Being authentic is crucial to good relationships—those with your spouse, a family member, co-workers or friends. Unfortunately, people routinely hide from revealing their inner thoughts about the other person for fear of hurt feelings, says Lauren. Hiding what you think doesn’t help you grow up or help relationships. It helps you be a really good pretender, says Lauren, and it is a great excuse for why something stays unsatisfying. People frequently will tell their true thoughts about, say, their spouse to a good friend, but they hide these same thoughts from their mate, the only person who could really change the situation. “I don’t talk about that because it would upset him,” is how they explain away their silence. The unhappy result, though, is that they don’t evolve and grow their marriage. By manipulating the relationship to maintain what is, on the surface, a conflict-free status quo, they maintain a relationship that is stuck in dissatisfaction and ultimately shallow.
People often have problems with the idea of expressing their true thoughts because they think the conversation will get them in trouble or will hurt someone’s feelings.
However, it is possible to be absolutely truthful without being hurtful, which is what Lauren spends much of their time teaching clients to do.  First, of course, you have to become cognizant of your own truths.  Then, to understand that just as you have “your truth,” the others in your life have their truth. By recognizing, accepting and honoring that this right exists in both you and your spouse’s heads, you can agree to explore your observations and feelings together based on mutual respect and trust. This leads to true intimacy and a more effective working relationship.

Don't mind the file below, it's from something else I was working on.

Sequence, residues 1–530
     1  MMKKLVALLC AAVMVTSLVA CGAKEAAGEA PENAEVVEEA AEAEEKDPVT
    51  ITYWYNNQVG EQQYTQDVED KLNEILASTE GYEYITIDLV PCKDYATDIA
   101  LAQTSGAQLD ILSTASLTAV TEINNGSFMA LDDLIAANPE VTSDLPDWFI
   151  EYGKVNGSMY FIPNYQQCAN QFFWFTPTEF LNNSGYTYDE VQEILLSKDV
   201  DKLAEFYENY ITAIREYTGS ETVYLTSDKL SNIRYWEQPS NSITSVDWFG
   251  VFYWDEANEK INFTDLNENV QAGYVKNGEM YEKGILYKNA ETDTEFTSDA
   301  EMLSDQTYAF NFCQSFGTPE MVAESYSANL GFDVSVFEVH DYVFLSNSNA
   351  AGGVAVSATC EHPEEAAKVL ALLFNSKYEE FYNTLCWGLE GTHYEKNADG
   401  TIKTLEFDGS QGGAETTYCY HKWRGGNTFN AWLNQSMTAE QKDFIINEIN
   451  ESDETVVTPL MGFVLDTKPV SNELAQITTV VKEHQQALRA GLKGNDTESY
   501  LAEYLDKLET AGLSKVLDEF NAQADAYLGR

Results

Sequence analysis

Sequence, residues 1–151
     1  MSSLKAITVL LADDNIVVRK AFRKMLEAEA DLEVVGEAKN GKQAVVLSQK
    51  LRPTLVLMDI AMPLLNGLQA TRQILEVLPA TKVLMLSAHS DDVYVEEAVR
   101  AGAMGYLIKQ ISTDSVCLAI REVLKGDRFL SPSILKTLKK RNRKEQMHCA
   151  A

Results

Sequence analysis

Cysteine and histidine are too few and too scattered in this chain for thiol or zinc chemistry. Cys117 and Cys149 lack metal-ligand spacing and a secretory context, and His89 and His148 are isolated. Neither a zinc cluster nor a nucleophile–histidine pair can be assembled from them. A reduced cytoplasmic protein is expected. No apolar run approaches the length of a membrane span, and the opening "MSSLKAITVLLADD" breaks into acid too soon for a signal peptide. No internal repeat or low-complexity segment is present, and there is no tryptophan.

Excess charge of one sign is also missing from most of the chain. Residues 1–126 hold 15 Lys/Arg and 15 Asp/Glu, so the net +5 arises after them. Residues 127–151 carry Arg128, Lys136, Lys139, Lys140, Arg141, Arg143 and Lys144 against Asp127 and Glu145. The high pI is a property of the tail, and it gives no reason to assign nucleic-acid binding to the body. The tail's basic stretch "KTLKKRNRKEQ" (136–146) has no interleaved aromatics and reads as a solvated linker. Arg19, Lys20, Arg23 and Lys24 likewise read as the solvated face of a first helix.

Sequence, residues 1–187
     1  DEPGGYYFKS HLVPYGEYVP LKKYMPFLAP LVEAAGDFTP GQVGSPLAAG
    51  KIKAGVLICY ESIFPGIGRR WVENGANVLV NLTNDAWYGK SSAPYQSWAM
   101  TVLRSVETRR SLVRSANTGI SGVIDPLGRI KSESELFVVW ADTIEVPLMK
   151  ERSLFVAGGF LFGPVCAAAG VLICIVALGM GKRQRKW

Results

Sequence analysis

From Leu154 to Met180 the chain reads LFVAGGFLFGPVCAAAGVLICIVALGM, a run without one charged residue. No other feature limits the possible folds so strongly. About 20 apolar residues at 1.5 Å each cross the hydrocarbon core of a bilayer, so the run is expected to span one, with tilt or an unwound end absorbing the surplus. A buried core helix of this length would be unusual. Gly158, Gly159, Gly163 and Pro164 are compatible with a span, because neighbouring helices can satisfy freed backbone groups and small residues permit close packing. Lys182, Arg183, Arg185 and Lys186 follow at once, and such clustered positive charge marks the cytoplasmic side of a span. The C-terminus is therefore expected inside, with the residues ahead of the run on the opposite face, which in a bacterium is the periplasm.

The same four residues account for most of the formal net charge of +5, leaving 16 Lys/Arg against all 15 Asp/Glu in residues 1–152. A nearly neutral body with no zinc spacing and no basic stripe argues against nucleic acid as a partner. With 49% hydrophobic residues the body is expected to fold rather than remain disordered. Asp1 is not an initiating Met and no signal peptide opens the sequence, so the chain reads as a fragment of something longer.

To prepare for honest communication, Lauren has her clients prepare a list that includes their pet peeves about the other person. These peeves need to see the light of day because they have existed and have been growing in the person’s head, sometimes for years… and the person has been gathering what she calls evidence for her theories all that time—the other person’s words or behaviors that back up the belief. In reviewing the list with clients, often times, Lauren says, people discover that they are carrying around a false or left-over theory that, when articulated fully, is not even accurate. Once the list has been created and reviewed, by correctly framing the conversation, even scary conversations can engender closeness.
Lauren recommends the following outline for framing the conversations called “Clearing Pet Peeves”…
  • Explain first that you recognize that the subject you are bringing up is not “the truth,” but rather how you perceive the situation.
  • Explain to the other person that your love and commitment to having a great relationship is why this conversation is important.  In other words, let him/her know he/she is not on shaky ground with you.
    • Introduce the subject that is troubling you—tell the other person that you want to share what you are experiencing with him and want his help in finding a clear path for the future.
    • Above all, do not use accusatory words… recognize you are sharing your truth and want them to share theirs… and, be as interested in their truths as you want them to be in yours.  The moment you tell your whole truth with no “couching,” lies or omissions, you and whomever you speak to will be in the same version of reality with one another.

Without question, it seems easier to stay silent about your inner voice, opinions and actions, but this long-range cost is high. Your hidden life, the unspoken gripes and concerns, the hidden experiences and behaviors, and the pretended feelings create distance in the relationship or in yourself. It is truth alone that builds and maintains health and well being for you and a strong life-long bridge in your relationships.